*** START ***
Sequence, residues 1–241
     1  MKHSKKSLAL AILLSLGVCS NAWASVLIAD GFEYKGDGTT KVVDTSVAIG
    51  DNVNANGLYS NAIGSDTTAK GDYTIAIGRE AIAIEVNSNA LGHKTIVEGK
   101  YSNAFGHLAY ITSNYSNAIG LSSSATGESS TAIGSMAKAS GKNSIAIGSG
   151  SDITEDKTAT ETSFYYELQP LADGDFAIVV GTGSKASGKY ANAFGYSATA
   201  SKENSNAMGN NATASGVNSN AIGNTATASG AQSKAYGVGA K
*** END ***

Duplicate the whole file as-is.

Sequence, residues 1–241
     1  MKHSKKSLAL AILLSLGVCS NAWASVLIAD GFEYKGDGTT KVVDTSVAIG
    51  DNVNANGLYS NAIGSDTTAK GDYTIAIGRE AIAIEVNSNA LGHKTIVEGK
   101  YSNAFGHLAY ITSNYSNAIG LSSSATGESS TAIGSMAKAS GKNSIAIGSG
   151  SDITEDKTAT ETSFYYELQP LADGDFAIVV GTGSKASGKY ANAFGYSATA
   201  SKENSNAMGN NATASGVNSN AIGNTATASG AQSKAYGVGA K